California Case Law Update
Amis v. Greenberg 2015 WL 1245902 (Cal.App.2 Dist.)
Plaintiff filed suit against his former attorneys, alleging they committed malpractice by causing him to enter a settlement converting the corporate obligations of his company into personal obligations. The former attorneys moved for summary judgment on the grounds that Plaintiff admitted all of the advice received was provided during mediation , and that the attorneys could not produce evidence to defend themselves under the mediation confidentiality statutes. The trial court granted summary judgment.
The Court of Appeal affirmed, holding “a malpractice plaintiff cannot circumvent mediation confidentiality by advancing inferences about his former attorney’s supposed acts or omissions during an underlying mediation.”
Baker v. Castaldi 2015 WL 1208026 (Cal.App.5 Dist.)
Plaintiff/Respondent sued Appellant for allegedly stealing antiques, and sought punitive damages. The trial proceeded in two phases, with the first phase addressing liability and compensatory damages, and the second phase addressing the calculation of punitive damages. Following the first phase, but before the second phase commenced, a document entitled “judgment” was filed indicating judgment was against both defendants for $610,500 in compensatory damages, and stating the court “finds by a preponderance of the evidence that both defendants . . . have acted with malice and with oppression toward plaintiff . . . warranting an award of punitive damages to be assessed at a separate trial.” Thereafter, several notices of appeal were filed identifying this document only as the subject of appeal.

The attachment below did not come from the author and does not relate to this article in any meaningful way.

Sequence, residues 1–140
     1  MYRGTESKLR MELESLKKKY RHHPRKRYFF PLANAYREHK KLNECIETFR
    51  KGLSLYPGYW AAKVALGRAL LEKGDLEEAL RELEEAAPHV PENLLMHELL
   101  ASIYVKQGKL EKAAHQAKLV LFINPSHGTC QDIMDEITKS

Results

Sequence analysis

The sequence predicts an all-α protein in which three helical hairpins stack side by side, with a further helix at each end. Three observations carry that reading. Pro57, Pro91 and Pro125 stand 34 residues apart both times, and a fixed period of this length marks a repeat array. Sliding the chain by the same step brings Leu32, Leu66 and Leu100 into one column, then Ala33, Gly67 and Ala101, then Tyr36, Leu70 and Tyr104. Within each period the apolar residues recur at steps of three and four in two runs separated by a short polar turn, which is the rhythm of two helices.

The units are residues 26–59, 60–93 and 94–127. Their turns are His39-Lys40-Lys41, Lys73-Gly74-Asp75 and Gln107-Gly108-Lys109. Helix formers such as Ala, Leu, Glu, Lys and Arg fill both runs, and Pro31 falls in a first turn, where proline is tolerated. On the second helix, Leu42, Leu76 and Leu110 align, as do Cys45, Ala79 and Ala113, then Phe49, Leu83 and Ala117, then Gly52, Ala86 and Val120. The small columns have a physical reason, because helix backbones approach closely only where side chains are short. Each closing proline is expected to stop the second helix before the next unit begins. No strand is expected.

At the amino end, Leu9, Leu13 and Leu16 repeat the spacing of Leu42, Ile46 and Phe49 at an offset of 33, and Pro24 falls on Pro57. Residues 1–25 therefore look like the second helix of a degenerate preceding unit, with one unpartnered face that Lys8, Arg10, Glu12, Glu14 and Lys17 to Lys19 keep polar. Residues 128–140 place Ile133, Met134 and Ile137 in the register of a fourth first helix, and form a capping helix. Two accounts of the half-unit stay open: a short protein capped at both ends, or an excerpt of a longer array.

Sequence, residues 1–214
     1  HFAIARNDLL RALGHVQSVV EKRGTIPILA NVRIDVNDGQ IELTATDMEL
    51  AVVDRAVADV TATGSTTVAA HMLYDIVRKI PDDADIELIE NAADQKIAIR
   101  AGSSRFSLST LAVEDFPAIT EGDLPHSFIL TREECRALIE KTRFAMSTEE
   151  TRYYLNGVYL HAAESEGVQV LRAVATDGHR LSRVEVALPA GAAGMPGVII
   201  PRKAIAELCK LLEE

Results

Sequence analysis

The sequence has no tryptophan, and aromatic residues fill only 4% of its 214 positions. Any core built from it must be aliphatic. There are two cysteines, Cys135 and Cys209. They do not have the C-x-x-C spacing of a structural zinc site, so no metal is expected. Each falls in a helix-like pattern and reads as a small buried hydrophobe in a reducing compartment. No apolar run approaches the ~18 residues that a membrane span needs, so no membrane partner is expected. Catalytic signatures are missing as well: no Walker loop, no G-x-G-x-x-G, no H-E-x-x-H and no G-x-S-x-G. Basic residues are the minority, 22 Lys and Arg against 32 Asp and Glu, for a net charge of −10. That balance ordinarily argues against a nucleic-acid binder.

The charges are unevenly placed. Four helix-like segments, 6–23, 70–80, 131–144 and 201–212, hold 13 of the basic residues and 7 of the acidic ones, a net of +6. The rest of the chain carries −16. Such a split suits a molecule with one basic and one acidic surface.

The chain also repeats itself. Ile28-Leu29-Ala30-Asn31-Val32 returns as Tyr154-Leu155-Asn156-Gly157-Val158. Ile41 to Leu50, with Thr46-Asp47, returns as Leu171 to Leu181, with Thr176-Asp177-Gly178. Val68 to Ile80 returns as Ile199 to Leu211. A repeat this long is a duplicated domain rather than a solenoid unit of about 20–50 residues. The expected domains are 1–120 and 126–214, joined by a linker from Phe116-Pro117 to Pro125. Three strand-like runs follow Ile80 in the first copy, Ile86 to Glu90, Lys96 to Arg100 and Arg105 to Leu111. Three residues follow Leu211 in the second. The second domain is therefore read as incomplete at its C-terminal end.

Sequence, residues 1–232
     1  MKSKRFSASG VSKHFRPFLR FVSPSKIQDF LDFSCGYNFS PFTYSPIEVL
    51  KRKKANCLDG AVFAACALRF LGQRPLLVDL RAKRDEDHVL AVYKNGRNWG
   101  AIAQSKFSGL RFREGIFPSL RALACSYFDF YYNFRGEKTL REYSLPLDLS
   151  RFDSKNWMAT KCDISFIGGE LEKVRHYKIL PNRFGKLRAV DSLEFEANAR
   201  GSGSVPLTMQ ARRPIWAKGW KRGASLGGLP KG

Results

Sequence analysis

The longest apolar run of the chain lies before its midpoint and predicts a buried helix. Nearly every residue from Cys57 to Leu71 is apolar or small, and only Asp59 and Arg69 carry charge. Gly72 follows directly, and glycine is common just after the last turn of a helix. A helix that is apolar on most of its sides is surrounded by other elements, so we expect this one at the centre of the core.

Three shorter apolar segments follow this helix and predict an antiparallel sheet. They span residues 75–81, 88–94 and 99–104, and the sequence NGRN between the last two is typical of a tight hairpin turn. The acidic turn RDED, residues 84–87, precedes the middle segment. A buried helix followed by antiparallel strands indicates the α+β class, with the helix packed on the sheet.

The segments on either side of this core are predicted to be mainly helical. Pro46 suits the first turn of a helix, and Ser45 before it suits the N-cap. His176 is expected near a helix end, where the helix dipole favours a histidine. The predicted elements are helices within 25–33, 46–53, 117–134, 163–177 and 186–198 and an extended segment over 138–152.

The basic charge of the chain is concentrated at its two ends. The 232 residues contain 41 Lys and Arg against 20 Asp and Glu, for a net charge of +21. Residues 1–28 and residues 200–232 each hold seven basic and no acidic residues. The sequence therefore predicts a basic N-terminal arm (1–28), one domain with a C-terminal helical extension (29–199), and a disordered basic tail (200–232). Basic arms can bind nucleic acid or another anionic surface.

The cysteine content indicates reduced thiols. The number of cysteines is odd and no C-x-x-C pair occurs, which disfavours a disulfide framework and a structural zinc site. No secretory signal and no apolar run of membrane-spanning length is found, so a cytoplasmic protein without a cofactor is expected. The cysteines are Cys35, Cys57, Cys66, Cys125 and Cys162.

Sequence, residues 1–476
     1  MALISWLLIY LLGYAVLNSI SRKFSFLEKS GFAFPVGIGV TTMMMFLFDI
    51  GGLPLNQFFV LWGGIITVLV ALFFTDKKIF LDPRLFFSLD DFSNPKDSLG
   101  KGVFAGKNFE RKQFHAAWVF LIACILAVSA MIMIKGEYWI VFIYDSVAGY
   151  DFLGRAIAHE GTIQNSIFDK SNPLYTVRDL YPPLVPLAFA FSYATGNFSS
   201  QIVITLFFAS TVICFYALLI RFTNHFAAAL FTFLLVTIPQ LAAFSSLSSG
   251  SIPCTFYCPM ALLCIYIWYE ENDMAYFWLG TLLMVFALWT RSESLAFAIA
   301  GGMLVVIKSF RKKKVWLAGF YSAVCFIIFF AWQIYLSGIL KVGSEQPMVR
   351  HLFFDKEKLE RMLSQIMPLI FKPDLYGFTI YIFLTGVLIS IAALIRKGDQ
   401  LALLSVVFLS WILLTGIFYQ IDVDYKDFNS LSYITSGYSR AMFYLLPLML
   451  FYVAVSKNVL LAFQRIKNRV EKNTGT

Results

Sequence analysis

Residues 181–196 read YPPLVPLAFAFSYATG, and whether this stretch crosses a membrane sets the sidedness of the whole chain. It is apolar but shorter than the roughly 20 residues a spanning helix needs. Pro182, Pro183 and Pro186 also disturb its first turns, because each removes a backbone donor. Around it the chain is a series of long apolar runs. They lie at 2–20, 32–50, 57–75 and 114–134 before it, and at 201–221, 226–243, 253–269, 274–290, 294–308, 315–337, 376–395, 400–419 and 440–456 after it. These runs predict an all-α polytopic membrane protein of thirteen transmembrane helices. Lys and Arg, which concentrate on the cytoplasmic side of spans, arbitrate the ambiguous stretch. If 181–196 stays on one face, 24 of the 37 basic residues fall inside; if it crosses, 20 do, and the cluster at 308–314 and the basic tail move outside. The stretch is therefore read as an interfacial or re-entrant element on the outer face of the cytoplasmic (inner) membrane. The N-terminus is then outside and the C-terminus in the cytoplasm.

The Court of Appeal held the “judgment” was in fact “not a final, appealable judgment.” Instead, the court found that the document was interlocutory because the amount of punitive damages was still an open issue. The Court of Appeal therefore dismissed the appeal.
LAW AND MOTION
Rodriguez v. Brill (2105) 234 Cal.App.4th 715
Plaintiff wife’s suit against Defendant husband was dismissed with prejudice as a terminating sanction for failure to respond to discovery. Plaintiff moved for relief under the mandatory provisions of Code of Civil Procedure section 473(b) for inexcusable failure of her attorney to act. The trial court denied the motion.
The Court of Appeal reversed, holding that the mandatory relief provided for under section 473(b) applies to dismissals entered as sanctions for abuse of discovery.
ABOUT THE AUTHOR: Mina Miserlis is senior counsel at Tyson & Mendes LLP. She specializes in personal injury and high net worth insurance issues. Contact Mina at 858.263.4108 or email@example.com.
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